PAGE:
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Airbus, Dassault & Alenia join forces to develop Euro MALE UAS

written by australianaviation.com.au | May 20, 2014
A European MALE2020 UAS concept drawing as proposed by Airbus, Dassault & Alenia Aermacchi. (Airbus Defence & Space)
A European MALE2020 UAS concept drawing as proposed by Airbus, Dassault & Alenia Aermacchi. (Airbus Defence & Space)

European aerospace companies Airbus Defence and Space, Dassault Aviation, and Alenia Aermacchi have joined forces to develop a next generation medium altitude long endurance (MALE) unmanned aerial system.

The three companies say they have delivered the ‘MALE2020’ proposal to further define a European UAS to France, Germany and Italy. The offer proposes a definition phase which has been prepared by joint development teams from the three companies and which is backed by an industrial agreement on work-share and a cooperative agreement to start the program.

During the definition phase the three nations will define and adjust their requirements for the UAS, while it will also serve as a risk reduction period. The three nations will then be asked to commit to further development of the UAS, with the goal to have an affordable and certifiable solution ready by 2020.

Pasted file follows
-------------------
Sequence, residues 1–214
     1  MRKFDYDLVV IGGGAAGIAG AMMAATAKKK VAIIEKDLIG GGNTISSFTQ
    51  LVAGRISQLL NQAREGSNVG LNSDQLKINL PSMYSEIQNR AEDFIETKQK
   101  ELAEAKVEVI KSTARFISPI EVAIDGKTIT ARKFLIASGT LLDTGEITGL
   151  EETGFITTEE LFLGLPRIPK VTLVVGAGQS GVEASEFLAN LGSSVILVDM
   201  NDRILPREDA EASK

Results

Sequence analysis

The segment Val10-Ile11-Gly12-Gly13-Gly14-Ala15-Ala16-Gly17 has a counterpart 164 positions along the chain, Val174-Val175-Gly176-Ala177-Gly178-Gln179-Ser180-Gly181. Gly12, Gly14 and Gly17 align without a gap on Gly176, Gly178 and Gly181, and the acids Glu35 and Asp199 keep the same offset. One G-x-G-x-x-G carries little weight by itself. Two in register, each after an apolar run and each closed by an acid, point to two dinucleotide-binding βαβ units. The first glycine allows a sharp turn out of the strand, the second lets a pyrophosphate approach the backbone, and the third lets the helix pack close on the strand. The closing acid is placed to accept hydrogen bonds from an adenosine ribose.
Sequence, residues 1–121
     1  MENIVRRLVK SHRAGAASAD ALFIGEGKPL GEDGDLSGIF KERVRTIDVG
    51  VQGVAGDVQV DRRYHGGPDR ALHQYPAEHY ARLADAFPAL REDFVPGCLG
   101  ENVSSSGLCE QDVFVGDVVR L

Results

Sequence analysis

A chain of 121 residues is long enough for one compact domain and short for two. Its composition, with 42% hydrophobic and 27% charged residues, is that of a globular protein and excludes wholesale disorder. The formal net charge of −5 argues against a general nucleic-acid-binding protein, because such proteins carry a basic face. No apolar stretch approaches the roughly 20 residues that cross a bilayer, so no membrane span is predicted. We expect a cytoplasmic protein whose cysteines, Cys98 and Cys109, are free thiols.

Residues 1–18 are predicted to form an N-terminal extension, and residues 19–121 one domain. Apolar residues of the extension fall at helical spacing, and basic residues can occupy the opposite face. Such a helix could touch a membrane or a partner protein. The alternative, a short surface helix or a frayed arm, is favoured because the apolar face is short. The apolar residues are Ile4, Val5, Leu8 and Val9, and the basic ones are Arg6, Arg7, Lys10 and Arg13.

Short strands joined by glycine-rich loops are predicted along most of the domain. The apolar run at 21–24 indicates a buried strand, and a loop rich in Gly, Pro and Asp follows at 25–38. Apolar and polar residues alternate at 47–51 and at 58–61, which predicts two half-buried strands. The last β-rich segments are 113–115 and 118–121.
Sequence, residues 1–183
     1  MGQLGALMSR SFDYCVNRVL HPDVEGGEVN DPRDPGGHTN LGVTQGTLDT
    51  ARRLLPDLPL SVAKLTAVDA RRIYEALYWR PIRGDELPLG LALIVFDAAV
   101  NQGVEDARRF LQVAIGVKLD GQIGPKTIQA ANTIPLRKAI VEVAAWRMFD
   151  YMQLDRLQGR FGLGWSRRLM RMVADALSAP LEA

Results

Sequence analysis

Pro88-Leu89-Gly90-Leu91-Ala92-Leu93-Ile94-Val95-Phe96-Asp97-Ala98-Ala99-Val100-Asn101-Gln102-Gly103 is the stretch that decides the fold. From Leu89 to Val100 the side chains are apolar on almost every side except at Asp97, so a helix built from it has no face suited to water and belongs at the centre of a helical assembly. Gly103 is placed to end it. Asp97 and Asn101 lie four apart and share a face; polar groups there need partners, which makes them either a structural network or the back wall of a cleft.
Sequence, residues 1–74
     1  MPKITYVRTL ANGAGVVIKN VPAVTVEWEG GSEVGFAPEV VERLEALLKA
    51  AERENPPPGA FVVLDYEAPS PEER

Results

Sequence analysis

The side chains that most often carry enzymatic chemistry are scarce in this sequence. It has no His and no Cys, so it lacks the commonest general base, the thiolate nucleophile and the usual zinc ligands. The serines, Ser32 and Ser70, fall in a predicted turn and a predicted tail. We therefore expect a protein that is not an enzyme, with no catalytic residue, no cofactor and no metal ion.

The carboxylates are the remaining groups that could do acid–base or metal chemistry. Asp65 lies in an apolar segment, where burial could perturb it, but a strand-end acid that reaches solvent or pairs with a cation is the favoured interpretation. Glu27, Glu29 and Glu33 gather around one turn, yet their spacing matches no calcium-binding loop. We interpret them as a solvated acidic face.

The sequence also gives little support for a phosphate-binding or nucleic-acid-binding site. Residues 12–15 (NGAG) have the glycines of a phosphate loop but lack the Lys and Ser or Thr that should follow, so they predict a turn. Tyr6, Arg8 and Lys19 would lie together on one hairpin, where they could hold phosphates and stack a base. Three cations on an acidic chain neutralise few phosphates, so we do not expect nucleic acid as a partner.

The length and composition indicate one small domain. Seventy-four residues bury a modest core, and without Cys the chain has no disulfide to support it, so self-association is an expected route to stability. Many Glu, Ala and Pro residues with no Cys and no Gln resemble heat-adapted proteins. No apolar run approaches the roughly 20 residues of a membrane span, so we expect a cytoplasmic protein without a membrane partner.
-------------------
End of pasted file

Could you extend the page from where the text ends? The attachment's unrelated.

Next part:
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“We have reached an important milestone for the development of a European MALE Drone,” Airbus Defence and Space CEO, Bernhard Gerwert said in a statement. “The need for our armed forces is indisputable. We are highly motivated to continue our discussions with the Ministries of Defence and are looking forward to launch this first step soon.”

Eric Trappier, CEO Dassault Aviation added: “It is a unique opportunity to develop in Europe this strategic capacity. For the first time industry starts a project by having a full agreement on the general work share of the MALE2020 programme. The proposal for the definition phase has been commonly elaborated with joint design teams and therefore demonstrates our industry’s strong commitment to this program.”

Giuseppe Giordo, Alenia Aermacchi’s CEO, said: “We identify a clear opportunity for the armed forces to take advantage of an advanced sovereign ISTAR capability to cope with the future high level requirements. Now is the time to drive technology forward and secure Europe’s capability in building the next generation of military air system as well as maintain talent and expertise in our industry. “

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